Search intent is the ‘what and why’ of a query. When you type a query in the search engine, it triggers Google’s algorithm to find the most relevant results in no time. Your marketing strategy can succeed only if your content fulfills search intent at each stage of the sales funnel.
Who doesn’t know about Steve Jobs, right? If you Google his name, you get a knowledge panel with his complete profile. But now, add a keyword modifier ‘buy,’ and check out the results.
Now Google shows you links to buy his books. And, look at that knowledge panel; now it’s a preview of a book on Steve Jobs.
Google’s algorithm understands search intent quite accurately. It can pick your brain merely through the words of your query, and you can do so too. Let’s see how.
Four Types of Search Intent
Google wants to rank all the pages according to their relevance to a search intent rather than the keywords used. Therefore, to top the SERP, you should understand different search intents to optimize your content accordingly.
Most of the online queries have informational intent. These searchers are usually looking for educational content such as how-to guides, tips, ideas, or video tutorials for specific questions.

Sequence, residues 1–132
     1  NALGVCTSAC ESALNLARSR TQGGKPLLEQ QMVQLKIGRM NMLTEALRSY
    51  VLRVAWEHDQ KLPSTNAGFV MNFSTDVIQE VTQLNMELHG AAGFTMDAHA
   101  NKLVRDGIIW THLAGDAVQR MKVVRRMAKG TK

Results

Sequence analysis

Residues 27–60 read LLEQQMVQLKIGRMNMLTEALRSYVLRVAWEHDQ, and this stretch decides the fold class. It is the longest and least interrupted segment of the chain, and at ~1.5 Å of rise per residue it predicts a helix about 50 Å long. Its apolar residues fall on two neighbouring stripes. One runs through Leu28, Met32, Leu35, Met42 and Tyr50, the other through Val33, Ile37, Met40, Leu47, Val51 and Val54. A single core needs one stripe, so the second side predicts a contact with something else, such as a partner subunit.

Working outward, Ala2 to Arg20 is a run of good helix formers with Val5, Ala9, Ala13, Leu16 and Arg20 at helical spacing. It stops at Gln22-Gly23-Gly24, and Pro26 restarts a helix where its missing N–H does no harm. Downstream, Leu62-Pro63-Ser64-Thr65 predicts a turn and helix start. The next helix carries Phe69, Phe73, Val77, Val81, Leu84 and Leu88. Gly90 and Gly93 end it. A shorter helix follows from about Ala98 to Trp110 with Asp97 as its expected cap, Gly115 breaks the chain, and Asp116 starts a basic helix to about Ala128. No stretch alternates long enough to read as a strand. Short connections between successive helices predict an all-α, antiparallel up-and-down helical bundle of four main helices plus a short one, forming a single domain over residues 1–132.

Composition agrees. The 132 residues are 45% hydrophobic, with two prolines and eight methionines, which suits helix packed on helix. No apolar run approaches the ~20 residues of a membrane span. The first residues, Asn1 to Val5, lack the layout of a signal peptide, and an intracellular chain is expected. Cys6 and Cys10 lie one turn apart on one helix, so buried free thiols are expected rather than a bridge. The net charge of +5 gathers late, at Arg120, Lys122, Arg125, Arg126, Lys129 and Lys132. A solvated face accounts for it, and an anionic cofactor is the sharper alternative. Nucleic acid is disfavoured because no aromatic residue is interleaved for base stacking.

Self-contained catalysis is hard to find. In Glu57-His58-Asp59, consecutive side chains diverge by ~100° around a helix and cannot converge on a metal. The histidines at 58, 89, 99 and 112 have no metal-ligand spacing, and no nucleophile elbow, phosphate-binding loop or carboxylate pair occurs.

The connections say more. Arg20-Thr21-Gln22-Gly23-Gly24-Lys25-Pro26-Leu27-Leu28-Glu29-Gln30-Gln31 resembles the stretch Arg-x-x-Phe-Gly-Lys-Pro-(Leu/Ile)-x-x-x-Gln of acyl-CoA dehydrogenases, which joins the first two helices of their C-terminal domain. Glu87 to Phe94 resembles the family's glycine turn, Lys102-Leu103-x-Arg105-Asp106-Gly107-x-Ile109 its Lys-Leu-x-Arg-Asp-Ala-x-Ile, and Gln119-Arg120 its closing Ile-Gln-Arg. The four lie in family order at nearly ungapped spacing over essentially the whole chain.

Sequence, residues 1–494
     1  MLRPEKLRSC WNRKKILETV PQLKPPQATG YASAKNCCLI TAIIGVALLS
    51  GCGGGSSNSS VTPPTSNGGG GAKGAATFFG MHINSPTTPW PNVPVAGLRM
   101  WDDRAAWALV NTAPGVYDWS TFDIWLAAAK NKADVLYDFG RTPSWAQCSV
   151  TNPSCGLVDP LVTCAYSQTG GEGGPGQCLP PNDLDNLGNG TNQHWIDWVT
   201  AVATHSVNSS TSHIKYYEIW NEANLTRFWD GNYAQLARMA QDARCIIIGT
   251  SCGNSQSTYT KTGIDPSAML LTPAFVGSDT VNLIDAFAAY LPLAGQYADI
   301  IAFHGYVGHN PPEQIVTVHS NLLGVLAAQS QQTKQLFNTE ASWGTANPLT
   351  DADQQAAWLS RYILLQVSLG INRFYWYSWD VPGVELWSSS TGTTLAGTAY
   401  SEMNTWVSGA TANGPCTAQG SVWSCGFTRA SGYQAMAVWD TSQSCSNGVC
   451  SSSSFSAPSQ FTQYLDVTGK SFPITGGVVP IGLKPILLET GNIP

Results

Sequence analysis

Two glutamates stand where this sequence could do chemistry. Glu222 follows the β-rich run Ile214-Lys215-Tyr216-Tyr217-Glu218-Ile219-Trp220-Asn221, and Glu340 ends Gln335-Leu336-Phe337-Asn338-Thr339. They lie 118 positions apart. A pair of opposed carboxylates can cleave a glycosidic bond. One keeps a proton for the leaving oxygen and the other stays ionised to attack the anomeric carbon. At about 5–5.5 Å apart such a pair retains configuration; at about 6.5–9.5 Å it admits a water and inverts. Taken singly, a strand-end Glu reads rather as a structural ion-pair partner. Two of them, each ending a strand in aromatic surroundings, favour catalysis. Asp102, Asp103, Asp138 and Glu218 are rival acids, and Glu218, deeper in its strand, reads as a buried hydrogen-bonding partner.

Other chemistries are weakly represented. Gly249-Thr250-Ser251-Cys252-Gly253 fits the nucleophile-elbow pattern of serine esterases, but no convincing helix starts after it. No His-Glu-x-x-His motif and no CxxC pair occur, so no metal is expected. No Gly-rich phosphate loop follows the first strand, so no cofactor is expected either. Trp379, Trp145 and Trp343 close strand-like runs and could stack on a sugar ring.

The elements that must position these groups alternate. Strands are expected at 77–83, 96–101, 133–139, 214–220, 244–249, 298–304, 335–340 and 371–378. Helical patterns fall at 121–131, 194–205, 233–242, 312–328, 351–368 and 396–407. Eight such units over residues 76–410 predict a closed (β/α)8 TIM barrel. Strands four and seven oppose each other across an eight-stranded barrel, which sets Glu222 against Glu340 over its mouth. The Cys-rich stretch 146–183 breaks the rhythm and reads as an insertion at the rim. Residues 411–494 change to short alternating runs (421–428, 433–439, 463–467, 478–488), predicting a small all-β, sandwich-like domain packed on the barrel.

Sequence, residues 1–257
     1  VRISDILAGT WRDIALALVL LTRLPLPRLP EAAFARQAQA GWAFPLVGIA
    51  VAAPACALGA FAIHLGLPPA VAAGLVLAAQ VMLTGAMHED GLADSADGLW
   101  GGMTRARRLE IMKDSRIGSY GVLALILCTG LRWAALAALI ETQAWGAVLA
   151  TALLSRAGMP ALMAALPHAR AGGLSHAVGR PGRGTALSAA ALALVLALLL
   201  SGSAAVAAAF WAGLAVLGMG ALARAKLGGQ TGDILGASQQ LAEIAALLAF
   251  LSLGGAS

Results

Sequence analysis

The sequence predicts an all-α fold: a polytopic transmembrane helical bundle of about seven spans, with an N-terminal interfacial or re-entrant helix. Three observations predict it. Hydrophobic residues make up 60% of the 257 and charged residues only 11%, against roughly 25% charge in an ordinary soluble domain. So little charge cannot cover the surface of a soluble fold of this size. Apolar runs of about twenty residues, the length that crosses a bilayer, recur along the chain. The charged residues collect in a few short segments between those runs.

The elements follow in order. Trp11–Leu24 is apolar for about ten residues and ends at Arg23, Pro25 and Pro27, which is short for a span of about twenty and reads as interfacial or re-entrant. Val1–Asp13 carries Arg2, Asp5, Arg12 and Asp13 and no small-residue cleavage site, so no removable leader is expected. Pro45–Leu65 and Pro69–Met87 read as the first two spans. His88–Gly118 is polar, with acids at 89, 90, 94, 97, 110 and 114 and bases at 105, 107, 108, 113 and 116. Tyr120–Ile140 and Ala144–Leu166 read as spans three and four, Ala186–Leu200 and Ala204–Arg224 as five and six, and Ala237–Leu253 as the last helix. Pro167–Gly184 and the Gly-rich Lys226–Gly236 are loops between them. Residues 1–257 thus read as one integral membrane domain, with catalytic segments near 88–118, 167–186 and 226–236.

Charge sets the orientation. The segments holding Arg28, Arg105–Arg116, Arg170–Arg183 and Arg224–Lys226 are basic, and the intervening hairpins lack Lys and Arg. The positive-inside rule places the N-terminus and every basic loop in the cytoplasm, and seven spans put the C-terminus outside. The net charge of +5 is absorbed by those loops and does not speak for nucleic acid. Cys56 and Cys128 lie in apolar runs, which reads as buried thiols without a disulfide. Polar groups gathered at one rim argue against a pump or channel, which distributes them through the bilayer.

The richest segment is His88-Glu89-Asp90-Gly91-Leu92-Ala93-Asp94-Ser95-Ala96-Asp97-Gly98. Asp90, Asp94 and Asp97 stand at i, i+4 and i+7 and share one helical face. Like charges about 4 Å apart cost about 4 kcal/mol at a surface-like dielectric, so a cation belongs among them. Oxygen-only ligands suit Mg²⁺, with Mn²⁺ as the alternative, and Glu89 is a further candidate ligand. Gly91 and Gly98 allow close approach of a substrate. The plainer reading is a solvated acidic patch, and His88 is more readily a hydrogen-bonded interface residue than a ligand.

People may be looking for weather updates, the latest movies, general information like who is the CEO of Apple, or the president of French Polynesia… you name it!
Navigational intent is the easiest to understand. The users know the website or the specific product they are looking for and want to reach it quickly. They may not remember or know the exact URL they’re trying to reach.
For example, Google understands that when a user types in ‘Apple,’ he is looking for the Apple gadgets and not the fruit unless he specifically writes ‘apple nutrition or ‘apple benefits.’
Therefore, there’s no use targeting such keywords because they can only benefit you if the user is specifically looking for your website. Yoast’s example of navigational intent is related to a Google Analytics plugin they had. While they ranked pretty well for the term “Google Analytics”, that didn’t drive any traffic to their site. People searching for Google Analytics were simply looking for the GA’s website, not the plugin.
Transactional Search Intent